For now, Steve King has no reason not to tweet. And there’s no reason for Republicans to stop him — and they’re not going to try.

Full article: https://www.vox.com/2018/6/28/17506880/steve-king-twitter-racism-congress-republicans

Roll Call – Steve King Refuses to Apologize for Retweeting Nazi Sympathizer

Iowa Rep. Steve King defended retweeting a Nazi sympathizer Tuesday and said he would neither apologize nor delete the tweet.

King told CNN he did not realize that the person he retweeted earlier this month, Mark Collett, was a Nazi sympathizer who has spoken favorably of Adolf Hitler.

Collett had tweeted about how a majority of younger Italians opposed mass migration. King quoted the tweet and added, “Europe is waking up…Will America…in time?”

King said he had never heard of Collett before retweeting him.

“I think it’s really unjust for anyone to assign the beliefs of someone else because there’s a message there among all of that. I mean, it’s the message, not the messenger,” the Iowa Republican said.

But King refused to apologize for the message, even if he didn’t agree with the messenger.

“Because then it would be like I’m admitting that I did something, now I’m sorry about it. I’m not sorry, I’m human,” he said.

King further expanded by saying the United States is a “Judeo-Christian” country and he doesn’t agree with creating “enclaves in America that are the antithesis of Americanism.”

King told CNN he was walking between meetings when he retweeted a Breitbart article that Collett had shared.

“It’s pretty simple. I tweeted a Breitbart story, I didn’t tweet a message from [Collett],” he said.

On Tuesday, House Speaker Paul Ryan’s spokeswoman offered muted criticism and didn’t mention King’s name when she said, “The speaker has said many times that Nazis have no place in our politics, and clearly members should not engage with anyone promoting hate.”

Full article: https://www.rollcall.com/news/politics/steve-king-justifies-retweeting-nazi-sympathizer

Iowa State Daily – Activists protest at Rep. Steve King’s Iowa office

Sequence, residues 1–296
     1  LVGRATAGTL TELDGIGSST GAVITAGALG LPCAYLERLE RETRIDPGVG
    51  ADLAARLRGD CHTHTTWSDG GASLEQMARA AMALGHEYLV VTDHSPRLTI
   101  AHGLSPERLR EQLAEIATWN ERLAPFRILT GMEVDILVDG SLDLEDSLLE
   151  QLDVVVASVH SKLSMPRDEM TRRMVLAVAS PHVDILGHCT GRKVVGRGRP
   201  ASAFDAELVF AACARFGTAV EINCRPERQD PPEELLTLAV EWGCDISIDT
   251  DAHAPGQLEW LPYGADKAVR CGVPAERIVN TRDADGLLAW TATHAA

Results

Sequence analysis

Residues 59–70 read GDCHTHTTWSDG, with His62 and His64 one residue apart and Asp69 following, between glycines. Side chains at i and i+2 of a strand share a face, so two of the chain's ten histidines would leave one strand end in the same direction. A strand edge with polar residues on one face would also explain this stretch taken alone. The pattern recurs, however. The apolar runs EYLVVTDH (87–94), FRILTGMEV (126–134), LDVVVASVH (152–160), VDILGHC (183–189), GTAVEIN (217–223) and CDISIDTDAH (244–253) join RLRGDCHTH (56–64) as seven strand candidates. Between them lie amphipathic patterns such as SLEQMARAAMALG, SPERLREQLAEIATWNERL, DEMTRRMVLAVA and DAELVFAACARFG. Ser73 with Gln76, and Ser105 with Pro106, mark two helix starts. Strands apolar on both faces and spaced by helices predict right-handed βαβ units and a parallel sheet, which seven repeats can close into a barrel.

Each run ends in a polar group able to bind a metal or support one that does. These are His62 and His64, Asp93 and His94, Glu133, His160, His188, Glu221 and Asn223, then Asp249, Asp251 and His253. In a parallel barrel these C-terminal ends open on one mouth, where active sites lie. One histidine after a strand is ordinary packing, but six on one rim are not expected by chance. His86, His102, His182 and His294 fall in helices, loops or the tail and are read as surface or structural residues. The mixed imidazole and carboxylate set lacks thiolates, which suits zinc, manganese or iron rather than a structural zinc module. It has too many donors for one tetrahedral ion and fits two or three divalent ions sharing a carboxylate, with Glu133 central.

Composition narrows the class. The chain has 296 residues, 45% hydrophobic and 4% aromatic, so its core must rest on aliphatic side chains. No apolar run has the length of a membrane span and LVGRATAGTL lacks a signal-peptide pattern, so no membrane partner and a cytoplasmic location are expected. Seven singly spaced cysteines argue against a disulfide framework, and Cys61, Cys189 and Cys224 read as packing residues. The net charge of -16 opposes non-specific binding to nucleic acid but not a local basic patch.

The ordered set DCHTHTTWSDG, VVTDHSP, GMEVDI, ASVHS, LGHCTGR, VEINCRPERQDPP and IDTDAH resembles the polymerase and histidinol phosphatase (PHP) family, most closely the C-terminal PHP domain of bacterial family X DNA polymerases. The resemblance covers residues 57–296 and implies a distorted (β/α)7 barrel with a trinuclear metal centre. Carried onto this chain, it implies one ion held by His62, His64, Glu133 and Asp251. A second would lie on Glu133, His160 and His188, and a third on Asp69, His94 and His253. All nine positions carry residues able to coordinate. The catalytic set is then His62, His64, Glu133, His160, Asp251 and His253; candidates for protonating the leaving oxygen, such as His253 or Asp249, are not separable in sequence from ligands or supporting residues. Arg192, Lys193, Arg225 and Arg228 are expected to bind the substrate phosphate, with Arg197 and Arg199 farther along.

A swath of protesters populated the sidewalk in front of Congressman Steve King’s office on Monday afternoon.

The protest was organized by NextGen Iowa. Those in attendance called King racist and condemned various statements he has made, as well as positions he has held.

“A lot of people think that, because this executive order was signed last week, this issue is solved and it’s over with,” said Mara Kealey, an organizer with NextGen Iowa. That is not the case at all. There are still 2,000 separated families with no transition plan at all, and, at the end of the day, Steve King is still our representative. He is letting this go on. We want the Ames community, the ISU community and everyone to know: Steve King is a blatant racist; he doesn’t represent any immigrant values.”

Haley Hager, the Ames director for NextGen Iowa, said the group is working to replace Steve King in November.

“We are mobilizing and showing Steve King that we won’t stand up with his hateful rhetoric,” Hager said. “We are showing him that we will vote for progressive leaders like J.D. Scholten in November.”

Several speakers addressed the crowd, including Joni Landeros, an organizer with NetGen Iowa and a junior in anthropology at Iowa State.

“[Steve King] has established the idea that it’s okay to be racist among folks of privilege,” Landeros said. “Who aren’t affected by his laws.”

Chelle Bee, a member of the Choctaw tribe and Ames resident, addressed the crowd about the persecution of Indigenous peoples of North America. Bee also took issue with the practices and policies of King and the Trump administration.

“We’re disgusted at being represented by such an individual,” Bee said.

Bee also criticized what she sees as a lack of empathy when saying something she wishes to say to King.

“I imagine staying hard and callous is much easier than caring, for someone like you, and I feel sorry for you,” Bee said.

King has come under criticism at various times in his career as a representative. Recently, King has faced criticism for support of policies that separated children from parents at the Mexican border and retweeting a British fascist in support of stopping the entrance of migrants into the United States.

NextGen America is a political nonprofit, of which NextGen Iowa is a branch of. NextGen America began as an environmental advocacy group and has since expanded their scope to include immigrant rights and health care, according to their website.

Full article: http://www.iowastatedaily.com/news/article_6dc50928-78c0-11e8-93c2-2b87f3b59b3c.html

Endorsed by the Ames Tribune: Who can beat King? The answer may be Scholten

On Tuesday, Democratic voters in Iowa’s 4th Congressional District will choose which candidate will challenge incumbent Republican Congressman Steve King in November.